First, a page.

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Of the six Sub-Saharan African submissions, the buzziest titles include Somalia’s first-ever entry, “The Gravedigger’s Wife” from feature debutant Khadar Ayderus Ahmed and Chad’s Cannes competitor, “Lingui: The Sacred Bonds” from veteran helmer Mahamet-Saleh Haroun.

Meanwhile, South Africa’s dysfunctional family dramedy “Barakat” from Amy Jephta earns points for likeability although it represents a genre not usually awarded by the Academy. Nevertheless, the tale of a family feud developing when the clan matriarch decides to take a second chance on love is a universally relatable one.

“The Gravedigger’s Wife” arri-ves at the Academy screenings trailing the top prize from Fespaco, Africa’s largest film festival. Mogadishu-born director-writer Ahmed came to Finland as a refugee at the age of 16 and returned to his African roots for his first feature, which is both a touching love story and a tragedy of social injustice about a poor man trying to get treatment for his ailing wife. It’s set in Djibouti, where Somali is the language spoken by the majority of the population.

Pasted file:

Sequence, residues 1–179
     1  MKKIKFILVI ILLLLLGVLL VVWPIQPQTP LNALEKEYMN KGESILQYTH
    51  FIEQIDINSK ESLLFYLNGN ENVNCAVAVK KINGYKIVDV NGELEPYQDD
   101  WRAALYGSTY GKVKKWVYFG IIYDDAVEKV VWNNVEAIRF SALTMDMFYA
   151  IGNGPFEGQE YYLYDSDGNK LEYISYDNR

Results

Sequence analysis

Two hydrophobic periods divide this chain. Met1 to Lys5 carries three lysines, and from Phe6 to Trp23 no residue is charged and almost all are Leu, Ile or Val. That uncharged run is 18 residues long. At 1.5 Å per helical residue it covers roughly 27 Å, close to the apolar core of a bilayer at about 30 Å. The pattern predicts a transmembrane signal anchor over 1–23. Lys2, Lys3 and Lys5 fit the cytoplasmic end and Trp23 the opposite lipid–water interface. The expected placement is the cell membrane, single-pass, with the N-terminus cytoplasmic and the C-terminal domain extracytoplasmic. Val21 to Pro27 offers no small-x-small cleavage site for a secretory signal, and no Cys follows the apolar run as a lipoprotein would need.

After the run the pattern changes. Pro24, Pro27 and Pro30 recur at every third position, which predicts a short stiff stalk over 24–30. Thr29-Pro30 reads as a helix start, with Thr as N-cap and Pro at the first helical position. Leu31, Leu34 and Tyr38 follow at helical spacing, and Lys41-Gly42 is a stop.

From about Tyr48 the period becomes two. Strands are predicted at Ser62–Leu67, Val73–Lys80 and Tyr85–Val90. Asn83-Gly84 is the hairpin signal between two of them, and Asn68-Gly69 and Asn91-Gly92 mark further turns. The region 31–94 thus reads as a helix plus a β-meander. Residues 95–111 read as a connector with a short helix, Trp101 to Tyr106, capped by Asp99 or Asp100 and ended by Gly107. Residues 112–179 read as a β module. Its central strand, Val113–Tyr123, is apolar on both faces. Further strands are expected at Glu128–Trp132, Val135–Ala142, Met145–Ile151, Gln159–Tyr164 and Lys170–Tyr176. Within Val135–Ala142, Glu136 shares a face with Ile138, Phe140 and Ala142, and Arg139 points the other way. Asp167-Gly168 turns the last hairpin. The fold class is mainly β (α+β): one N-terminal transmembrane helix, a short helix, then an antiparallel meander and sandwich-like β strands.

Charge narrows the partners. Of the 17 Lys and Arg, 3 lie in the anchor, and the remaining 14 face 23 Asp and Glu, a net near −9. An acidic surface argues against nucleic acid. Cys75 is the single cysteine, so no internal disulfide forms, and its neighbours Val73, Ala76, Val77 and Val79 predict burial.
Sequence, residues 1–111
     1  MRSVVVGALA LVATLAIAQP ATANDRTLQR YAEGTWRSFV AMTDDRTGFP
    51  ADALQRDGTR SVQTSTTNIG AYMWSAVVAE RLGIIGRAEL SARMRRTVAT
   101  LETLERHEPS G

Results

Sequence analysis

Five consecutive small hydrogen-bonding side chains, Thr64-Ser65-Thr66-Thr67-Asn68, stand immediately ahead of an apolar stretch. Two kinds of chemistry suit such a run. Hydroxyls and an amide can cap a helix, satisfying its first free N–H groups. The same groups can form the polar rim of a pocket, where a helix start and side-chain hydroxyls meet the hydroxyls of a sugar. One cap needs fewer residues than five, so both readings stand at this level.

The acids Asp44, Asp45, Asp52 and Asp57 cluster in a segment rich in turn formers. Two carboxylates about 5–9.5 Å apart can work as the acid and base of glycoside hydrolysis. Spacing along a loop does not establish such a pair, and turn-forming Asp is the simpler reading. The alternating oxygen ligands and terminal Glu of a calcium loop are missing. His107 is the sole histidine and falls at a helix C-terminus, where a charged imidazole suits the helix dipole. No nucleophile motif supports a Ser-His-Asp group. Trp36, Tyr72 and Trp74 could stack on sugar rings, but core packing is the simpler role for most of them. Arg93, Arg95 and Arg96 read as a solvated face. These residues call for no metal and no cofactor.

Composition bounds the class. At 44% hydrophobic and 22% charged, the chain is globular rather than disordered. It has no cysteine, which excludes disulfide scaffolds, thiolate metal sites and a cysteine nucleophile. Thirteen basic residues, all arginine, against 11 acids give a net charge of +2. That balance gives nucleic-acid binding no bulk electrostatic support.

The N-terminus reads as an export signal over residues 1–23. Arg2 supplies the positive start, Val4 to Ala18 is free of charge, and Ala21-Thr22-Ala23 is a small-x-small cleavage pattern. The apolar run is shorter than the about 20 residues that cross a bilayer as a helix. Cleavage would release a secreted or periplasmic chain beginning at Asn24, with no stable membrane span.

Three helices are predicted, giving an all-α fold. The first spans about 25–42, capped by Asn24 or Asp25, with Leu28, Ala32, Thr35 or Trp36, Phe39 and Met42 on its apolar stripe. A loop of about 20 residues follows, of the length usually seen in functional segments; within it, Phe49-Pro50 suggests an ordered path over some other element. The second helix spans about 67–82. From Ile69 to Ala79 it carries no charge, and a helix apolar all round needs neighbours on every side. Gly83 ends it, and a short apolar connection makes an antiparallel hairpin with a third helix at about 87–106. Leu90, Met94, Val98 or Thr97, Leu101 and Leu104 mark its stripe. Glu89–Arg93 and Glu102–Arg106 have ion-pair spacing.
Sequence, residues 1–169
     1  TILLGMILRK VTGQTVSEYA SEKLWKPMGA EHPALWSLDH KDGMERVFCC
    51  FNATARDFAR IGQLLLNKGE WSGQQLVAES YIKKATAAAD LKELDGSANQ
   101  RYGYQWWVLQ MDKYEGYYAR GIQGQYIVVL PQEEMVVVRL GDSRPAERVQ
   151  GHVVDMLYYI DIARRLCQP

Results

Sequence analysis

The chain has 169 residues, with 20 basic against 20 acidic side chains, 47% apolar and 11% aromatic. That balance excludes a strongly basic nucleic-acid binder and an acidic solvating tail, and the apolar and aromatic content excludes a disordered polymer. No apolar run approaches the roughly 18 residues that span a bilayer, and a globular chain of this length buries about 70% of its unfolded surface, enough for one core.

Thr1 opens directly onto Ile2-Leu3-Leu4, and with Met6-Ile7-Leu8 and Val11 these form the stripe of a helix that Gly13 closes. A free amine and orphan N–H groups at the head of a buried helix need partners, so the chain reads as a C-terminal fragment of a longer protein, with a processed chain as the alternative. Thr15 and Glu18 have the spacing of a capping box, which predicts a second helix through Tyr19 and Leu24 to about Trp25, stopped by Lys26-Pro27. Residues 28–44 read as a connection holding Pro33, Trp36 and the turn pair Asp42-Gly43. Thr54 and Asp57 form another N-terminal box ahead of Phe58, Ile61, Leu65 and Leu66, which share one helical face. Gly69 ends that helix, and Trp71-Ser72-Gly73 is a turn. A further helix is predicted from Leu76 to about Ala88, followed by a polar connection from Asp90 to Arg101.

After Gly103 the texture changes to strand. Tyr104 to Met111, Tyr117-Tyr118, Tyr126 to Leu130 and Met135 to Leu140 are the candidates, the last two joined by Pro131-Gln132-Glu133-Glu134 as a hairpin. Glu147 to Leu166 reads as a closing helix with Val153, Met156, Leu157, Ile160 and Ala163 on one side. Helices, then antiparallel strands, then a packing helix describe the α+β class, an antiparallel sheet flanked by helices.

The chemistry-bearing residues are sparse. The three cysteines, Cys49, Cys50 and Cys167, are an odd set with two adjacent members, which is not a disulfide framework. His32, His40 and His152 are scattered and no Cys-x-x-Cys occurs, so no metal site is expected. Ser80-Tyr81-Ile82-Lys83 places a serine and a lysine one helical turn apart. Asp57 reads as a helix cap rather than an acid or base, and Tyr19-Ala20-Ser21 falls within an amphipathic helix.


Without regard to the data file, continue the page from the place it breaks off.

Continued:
Like “The Gravedigger’s Wife,” Chad’s “Lingui” also centers on the need for an operation, but the procedure sought is an abortion and it isn’t just poverty standing in the characters’ way; it’s also religion, law and the patriarchal society.

The remaining three entries lack prestige fest credentials and name recognition. Kenya’s action thriller “Mission to Rescue” from Gilbert Lukalia follows a team of Special Operations Forces soldiers assigned to rescue high profile administrators kidnapped by the Al-Shabaab militia. Malawi’s drama “Fatsani – A Tale of Survival” from Gift Sukez Sukali follows a young girl forced to sell bananas on the street after her school is shut down. And late entry “Hidden Dreams” from Cameroon’s Ngang Romanus is set in a traditional village during 1980s, but may have too much English dialogue to qualify.